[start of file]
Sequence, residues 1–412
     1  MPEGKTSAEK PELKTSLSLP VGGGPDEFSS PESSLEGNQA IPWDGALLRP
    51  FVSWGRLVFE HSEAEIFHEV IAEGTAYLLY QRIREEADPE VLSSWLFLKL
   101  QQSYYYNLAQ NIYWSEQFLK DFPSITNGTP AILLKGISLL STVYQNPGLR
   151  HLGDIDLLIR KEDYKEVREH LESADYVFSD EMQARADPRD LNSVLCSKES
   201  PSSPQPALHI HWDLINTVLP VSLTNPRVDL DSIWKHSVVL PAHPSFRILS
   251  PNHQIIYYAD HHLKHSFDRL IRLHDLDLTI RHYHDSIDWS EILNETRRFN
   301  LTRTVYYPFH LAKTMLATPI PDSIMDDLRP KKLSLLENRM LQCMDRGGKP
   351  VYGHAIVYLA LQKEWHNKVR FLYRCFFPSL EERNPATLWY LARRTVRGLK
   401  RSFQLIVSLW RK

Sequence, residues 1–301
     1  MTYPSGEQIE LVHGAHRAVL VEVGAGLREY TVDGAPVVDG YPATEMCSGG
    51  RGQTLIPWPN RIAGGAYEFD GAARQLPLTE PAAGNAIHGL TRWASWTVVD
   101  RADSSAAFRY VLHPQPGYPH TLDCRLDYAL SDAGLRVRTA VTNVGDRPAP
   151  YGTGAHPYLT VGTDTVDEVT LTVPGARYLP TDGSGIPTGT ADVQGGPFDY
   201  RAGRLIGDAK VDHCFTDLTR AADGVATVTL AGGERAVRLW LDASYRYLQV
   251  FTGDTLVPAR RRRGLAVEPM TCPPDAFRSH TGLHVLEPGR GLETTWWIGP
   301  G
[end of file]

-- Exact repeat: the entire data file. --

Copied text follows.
Sequence, residues 1–412
     1  MPEGKTSAEK PELKTSLSLP VGGGPDEFSS PESSLEGNQA IPWDGALLRP
    51  FVSWGRLVFE HSEAEIFHEV IAEGTAYLLY QRIREEADPE VLSSWLFLKL
   101  QQSYYYNLAQ NIYWSEQFLK DFPSITNGTP AILLKGISLL STVYQNPGLR
   151  HLGDIDLLIR KEDYKEVREH LESADYVFSD EMQARADPRD LNSVLCSKES
   201  PSSPQPALHI HWDLINTVLP VSLTNPRVDL DSIWKHSVVL PAHPSFRILS
   251  PNHQIIYYAD HHLKHSFDRL IRLHDLDLTI RHYHDSIDWS EILNETRRFN
   301  LTRTVYYPFH LAKTMLATPI PDSIMDDLRP KKLSLLENRM LQCMDRGGKP
   351  VYGHAIVYLA LQKEWHNKVR FLYRCFFPSL EERNPATLWY LARRTVRGLK
   401  RSFQLIVSLW RK

Sequence, residues 1–301
     1  MTYPSGEQIE LVHGAHRAVL VEVGAGLREY TVDGAPVVDG YPATEMCSGG
    51  RGQTLIPWPN RIAGGAYEFD GAARQLPLTE PAAGNAIHGL TRWASWTVVD
   101  RADSSAAFRY VLHPQPGYPH TLDCRLDYAL SDAGLRVRTA VTNVGDRPAP
   151  YGTGAHPYLT VGTDTVDEVT LTVPGARYLP TDGSGIPTGT ADVQGGPFDY
   201  RAGRLIGDAK VDHCFTDLTR AADGVATVTL AGGERAVRLW LDASYRYLQV
   251  FTGDTLVPAR RRRGLAVEPM TCPPDAFRSH TGLHVLEPGR GLETTWWIGP
   301  G